Directed by Saro Lusty-Cavallari
Presented by Montague Basement
107 Railway Parade, Erskineville
Season: 1 - 5 December
Hamlet is a tortured and tragic soul whose madness and musings have kept audiences guessing for years. His supposed ‘every man’ qualities forge Hamlet as an ideal figure to be the subject of theatrical reworking, maintaining profound intrigue through a plethora of contemporary interpretations. Montague Basement’s production, directed by Saro Lusty-Cavallari, thrusts forward a moody and undoubtedly mad Hamlet, fraught with teenage angst. Circling this madness is Claudius, Polonius, Horatio and Ophelia. The script is reworked so that scenes with the omitted characters are either removed, or performed by the included characters in their place. The audience is left to observe a play fixated on madness and nostalgia.
Hamlet is a play that toys with the notion of the supernatural. Commencing with the overbearing visitation by the ghost of Hamlet’s deceased father, Hamlet is forced to continually consider the consequences of his actions through purgatory and afterlife. As an audience member, you want to be tantalised by the question of Hamlet’s madness and be able to consider the potential for the ghost figure to be a legitimate visitation. In this show, the ghost is depicted through a voice and an image on multiple TV screens across the stage, a unique and effective idea. However the blatant madness of Hamlet, played by Christian Byers, removes some of the ambiguity from the portrayal, discounting the element of self-reflexive reasoning as to the authenticity of what we see on stage. Byer’s ability to convey an ambiguous and complex Hamlet is hindered by the omission of his relationship with Gertrude, as well as his love for Ophelia and friendship with Horatio. When we can’t see Hamlet in a more humane state, it becomes difficult to sympathise with the tragedy that surely befalls him. Byer does benefit from the freedom afforded him through a contemporary portrayal of Hamlet, as he is liberated to experiment with the humour in the events. In a text that is naturally funny, Byer manages to bring this to the fore. Likewise, Patrick Morrow as Polonius explores the comedic element of Shakespeare’s words transposed into a modern context, with great audience appreciation. Through Lulu Howes’ portrayal of Ophelia, her undoing struck me as the greatest tragedy, as the machinations of the men around her precipitate her downfall. Aberrance from the original play in her death is immensely affective, evoking a gut-wrenching response from the audience. Howes’ initially understated depiction of Ophelia serves to heighten the contrast between her staunch resistance to Hamlet’s behaviour, and then her eventual unravelling. Brief interaction with the audience is deeply engaging during some of the pinnacle moments of the play.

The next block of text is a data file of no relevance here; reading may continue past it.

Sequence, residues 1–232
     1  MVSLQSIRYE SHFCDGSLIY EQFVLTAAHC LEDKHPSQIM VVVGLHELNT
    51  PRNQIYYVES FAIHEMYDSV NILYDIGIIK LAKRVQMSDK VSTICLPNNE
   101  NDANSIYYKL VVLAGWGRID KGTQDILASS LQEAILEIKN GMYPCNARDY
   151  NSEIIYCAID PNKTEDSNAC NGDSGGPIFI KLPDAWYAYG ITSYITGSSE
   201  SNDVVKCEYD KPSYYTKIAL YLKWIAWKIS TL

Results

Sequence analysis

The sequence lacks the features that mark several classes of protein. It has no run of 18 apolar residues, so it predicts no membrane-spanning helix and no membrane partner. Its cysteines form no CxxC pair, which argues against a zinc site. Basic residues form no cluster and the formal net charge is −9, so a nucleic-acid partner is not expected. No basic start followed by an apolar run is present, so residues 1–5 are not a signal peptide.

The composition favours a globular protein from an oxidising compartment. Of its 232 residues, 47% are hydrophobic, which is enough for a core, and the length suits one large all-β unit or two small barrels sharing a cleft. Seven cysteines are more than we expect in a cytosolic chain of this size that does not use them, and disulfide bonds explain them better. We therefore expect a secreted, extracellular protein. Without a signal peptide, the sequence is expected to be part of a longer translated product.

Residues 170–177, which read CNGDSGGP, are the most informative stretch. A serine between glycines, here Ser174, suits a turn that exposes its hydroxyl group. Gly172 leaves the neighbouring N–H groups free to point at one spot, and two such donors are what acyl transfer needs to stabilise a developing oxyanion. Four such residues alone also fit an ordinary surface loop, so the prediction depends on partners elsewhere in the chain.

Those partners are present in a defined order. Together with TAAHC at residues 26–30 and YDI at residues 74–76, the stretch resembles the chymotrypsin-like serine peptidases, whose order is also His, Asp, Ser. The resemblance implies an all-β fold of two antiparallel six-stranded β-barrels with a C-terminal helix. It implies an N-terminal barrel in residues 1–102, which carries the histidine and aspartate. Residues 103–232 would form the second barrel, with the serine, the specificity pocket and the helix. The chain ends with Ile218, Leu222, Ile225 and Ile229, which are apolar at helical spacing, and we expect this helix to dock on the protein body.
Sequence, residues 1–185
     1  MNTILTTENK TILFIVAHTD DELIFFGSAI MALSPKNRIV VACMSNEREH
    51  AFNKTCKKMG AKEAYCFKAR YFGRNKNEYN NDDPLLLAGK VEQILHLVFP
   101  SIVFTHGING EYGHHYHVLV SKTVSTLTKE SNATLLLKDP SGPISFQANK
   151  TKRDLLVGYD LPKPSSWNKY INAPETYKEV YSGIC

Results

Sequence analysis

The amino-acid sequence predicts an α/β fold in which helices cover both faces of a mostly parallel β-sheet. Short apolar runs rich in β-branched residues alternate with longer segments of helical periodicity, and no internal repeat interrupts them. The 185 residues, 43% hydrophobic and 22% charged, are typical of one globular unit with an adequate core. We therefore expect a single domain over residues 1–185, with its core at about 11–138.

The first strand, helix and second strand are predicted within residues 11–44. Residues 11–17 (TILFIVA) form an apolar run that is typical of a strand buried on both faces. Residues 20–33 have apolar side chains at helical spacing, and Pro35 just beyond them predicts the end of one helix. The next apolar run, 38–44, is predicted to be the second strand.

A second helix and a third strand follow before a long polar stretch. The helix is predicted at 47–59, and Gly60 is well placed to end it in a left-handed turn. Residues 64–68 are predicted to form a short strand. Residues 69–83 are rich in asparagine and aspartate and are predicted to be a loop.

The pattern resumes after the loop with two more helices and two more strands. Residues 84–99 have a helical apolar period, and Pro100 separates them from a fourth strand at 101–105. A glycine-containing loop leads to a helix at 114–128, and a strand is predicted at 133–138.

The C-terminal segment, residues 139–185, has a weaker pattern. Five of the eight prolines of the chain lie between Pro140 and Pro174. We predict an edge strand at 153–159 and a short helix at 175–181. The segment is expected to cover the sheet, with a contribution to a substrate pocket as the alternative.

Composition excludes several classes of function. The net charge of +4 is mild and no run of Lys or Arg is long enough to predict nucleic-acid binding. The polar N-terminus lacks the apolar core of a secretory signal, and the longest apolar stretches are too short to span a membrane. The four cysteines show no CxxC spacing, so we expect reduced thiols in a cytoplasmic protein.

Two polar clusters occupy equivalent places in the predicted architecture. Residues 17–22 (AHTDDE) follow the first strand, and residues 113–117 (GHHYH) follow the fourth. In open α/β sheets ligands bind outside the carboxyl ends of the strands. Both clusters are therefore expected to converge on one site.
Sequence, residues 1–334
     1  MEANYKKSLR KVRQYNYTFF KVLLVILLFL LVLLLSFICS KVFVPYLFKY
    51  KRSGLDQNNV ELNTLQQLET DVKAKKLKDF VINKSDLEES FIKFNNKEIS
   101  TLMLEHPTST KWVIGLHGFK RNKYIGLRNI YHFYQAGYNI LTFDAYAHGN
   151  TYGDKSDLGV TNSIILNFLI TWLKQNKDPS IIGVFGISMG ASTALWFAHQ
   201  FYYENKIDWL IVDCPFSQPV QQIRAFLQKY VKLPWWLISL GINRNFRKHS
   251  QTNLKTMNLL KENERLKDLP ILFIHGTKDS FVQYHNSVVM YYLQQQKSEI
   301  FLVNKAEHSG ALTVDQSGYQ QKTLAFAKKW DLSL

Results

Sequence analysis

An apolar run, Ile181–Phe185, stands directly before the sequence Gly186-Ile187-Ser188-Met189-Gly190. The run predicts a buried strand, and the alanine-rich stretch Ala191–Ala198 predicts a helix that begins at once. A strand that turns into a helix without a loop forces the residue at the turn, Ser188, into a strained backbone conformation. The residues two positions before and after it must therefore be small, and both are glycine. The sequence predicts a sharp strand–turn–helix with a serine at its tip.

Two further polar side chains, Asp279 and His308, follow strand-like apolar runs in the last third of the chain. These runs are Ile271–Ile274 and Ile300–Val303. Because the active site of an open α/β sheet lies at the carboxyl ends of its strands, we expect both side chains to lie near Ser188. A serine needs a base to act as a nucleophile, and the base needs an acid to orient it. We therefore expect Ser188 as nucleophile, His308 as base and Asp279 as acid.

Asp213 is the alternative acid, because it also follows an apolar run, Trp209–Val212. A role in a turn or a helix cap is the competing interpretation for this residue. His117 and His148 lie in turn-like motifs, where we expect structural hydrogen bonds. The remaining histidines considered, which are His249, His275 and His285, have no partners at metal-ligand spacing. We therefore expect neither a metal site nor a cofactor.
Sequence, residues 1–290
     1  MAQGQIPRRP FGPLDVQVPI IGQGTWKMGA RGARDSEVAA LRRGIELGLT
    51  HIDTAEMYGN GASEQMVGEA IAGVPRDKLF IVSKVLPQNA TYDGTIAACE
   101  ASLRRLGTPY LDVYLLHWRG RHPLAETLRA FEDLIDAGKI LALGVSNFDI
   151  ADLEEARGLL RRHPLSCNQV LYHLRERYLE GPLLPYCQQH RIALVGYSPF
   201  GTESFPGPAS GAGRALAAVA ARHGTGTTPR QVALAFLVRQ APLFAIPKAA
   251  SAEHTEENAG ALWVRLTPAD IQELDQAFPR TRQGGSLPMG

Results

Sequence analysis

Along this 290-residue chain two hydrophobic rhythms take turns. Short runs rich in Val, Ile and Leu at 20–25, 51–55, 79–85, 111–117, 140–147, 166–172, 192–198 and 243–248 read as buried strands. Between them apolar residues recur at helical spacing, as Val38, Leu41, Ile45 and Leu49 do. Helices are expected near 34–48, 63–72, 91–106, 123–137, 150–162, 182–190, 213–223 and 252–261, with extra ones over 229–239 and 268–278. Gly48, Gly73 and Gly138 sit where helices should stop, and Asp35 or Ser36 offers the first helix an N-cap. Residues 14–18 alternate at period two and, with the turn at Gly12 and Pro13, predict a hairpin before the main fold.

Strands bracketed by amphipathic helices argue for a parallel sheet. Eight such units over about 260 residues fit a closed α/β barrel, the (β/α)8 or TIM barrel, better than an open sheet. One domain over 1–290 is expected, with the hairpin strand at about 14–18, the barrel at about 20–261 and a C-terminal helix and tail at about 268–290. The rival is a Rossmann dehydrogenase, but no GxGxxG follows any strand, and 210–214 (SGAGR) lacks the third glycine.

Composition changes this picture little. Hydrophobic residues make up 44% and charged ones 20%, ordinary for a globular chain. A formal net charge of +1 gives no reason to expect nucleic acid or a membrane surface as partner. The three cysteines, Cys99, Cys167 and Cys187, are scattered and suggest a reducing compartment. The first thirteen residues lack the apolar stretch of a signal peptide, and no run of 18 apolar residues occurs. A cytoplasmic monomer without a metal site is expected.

Set design, also by Lusty-Cavallari, is immediately striking. Integral to the design concept is use of multiple TVs framing the performance space. Projected through the screens is not only the ghost figure, but also some nostalgic cultural references to Hamlet – critically, scenes from The Lion King, which involves some delightful media design work. PACT Theatre is a malleable theatre space, which in itself can present both advantages and difficulties. Use of lamps across the front of the stage is a visually engaging choice, however the light is often too dim to sufficiently illuminate the actors’ faces – a disappointment to lose some of the performers’ work to darkness.
Shakespeare’s Hamlet has proved to engage audiences for centuries. Montague Basement’s production is yet another interpretation of the character and associated events which sheds an alternative light on the work. Through continual re-examination and re-interpretation, we are able to grapple with some of the veins that stream through the human consciousness, gaining insight about ourselves as individuals and of society as a whole.